The Old Chelmsfordian Lodge 5499

Beyond the Third Degree

The Candidate for Freemasonry goes through three ceremonies, with a least a month between each. In a busy Lodge, it may take considerably longer. He is initiated into the First Degree, passed to the Degree of a Fellowcraft Freemason, and then raised to the Degree of a Master Mason. These are the three Degrees of Freemasonry and no matter what you may be told, there is no higher Degree in England and Wales than the Third Degree.

There is an Order, the Royal Arch, which about 40% of Masons join, and which takes Freemasonry a  bit further, although its members are not of a higher rank than their Brethren. Royal Arch, or Chapter Masons, can be recognised in the Craft Lodge by the breast jewel they wear.

There are a number of additional, or appendant Orders and Degrees that a Mason can join. They are not higher Degrees, and in England and Wales their members do not outrank the Master and Brethren of a Craft Lodge. However, this is not the case in all Masonic jurisdictions. For example, in the United States there are two separate paths that a Master Mason can follow, the York Rite and the Scottish Rite, both of which can take a Mason, via a number of appendant Degrees, to the 32 Degree.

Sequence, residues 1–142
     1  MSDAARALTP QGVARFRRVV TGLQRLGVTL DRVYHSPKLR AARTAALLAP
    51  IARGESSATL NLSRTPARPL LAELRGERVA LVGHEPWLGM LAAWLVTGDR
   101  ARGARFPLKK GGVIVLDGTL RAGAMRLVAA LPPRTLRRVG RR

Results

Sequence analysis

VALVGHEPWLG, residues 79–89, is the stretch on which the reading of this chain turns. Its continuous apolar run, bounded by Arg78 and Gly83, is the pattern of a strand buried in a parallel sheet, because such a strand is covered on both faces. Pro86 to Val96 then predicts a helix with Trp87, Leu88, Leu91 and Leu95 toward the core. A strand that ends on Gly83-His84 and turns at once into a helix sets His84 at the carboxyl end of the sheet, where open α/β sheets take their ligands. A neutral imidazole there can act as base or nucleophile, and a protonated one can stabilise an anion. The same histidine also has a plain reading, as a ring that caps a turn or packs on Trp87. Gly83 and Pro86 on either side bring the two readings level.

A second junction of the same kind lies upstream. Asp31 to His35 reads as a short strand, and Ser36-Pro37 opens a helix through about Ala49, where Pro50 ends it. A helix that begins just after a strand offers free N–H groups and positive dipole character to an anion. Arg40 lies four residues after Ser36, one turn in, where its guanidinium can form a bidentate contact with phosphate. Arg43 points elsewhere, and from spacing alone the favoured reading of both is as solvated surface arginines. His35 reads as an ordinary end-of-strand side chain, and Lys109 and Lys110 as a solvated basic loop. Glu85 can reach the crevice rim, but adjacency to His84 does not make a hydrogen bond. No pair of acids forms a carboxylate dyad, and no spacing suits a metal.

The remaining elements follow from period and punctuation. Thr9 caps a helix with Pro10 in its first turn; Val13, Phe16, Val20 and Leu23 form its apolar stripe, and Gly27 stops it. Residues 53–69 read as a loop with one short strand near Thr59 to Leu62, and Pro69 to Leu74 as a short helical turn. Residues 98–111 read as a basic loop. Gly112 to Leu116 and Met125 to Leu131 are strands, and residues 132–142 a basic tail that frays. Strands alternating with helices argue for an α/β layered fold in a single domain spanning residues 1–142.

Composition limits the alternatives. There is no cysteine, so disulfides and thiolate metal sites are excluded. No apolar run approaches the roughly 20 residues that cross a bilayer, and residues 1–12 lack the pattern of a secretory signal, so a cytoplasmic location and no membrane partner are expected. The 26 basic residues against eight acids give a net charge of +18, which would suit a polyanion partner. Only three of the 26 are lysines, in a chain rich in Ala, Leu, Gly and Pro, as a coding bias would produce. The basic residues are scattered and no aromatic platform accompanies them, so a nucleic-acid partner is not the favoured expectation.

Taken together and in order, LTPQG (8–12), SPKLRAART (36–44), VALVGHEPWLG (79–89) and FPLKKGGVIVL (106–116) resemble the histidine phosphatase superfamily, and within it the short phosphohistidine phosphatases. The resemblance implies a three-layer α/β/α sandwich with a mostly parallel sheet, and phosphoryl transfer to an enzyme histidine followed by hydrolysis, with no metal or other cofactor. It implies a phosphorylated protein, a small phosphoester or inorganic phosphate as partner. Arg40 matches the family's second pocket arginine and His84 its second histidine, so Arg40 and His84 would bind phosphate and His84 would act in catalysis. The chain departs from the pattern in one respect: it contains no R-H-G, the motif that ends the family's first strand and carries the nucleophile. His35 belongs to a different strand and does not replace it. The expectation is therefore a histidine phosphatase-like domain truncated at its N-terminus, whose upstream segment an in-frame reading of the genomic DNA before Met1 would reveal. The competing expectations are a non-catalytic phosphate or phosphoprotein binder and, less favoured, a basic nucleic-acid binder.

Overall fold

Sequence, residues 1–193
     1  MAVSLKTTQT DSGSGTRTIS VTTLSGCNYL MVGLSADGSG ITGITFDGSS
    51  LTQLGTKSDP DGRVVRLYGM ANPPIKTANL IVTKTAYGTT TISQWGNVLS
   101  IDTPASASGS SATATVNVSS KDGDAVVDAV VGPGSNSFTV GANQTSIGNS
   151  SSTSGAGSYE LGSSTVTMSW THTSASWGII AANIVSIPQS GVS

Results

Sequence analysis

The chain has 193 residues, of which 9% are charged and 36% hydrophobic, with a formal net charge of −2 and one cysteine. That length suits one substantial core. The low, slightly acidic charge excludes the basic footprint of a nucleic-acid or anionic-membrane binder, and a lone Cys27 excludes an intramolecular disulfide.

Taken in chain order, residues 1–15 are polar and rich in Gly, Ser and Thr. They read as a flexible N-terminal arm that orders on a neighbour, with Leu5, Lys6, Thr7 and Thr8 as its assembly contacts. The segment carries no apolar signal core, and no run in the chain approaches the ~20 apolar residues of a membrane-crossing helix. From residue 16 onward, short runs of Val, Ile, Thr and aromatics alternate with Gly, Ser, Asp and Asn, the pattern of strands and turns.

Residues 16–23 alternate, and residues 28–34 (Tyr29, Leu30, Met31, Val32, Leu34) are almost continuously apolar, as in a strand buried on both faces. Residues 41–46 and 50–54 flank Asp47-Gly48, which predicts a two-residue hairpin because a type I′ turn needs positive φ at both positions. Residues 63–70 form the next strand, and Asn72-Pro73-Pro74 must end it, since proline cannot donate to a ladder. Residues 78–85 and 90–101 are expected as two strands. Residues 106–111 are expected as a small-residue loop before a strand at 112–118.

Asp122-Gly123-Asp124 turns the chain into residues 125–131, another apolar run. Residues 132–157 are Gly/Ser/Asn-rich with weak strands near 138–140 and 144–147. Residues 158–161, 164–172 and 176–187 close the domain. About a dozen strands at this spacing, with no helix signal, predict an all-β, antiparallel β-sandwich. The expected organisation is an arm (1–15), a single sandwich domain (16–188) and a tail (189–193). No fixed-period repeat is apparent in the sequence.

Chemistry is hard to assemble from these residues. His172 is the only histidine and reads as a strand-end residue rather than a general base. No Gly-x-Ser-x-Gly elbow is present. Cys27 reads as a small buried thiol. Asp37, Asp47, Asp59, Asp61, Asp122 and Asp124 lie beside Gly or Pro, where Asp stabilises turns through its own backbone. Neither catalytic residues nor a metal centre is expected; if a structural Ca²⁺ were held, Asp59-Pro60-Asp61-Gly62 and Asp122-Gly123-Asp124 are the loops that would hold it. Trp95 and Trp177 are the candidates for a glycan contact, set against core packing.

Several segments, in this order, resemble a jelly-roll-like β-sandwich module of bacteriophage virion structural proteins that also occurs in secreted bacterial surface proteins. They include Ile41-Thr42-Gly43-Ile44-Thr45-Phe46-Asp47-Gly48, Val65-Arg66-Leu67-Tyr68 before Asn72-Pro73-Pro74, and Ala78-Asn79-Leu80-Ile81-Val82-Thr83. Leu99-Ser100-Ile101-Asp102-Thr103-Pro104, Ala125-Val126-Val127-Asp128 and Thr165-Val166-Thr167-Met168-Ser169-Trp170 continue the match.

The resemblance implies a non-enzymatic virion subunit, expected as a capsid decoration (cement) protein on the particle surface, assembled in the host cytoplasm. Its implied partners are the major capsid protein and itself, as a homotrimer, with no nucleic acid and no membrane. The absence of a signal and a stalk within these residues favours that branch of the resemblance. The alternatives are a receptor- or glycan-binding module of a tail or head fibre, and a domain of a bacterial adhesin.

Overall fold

Some of the appendant Orders, such as the Knights Templar and the Rose Croix, are restricted to Brethren of the Christian faith, while others, such as the Mark Degree are open to Master Masons of all faiths.

Once you become a Mason, should you so choose, there is much more for you to discover.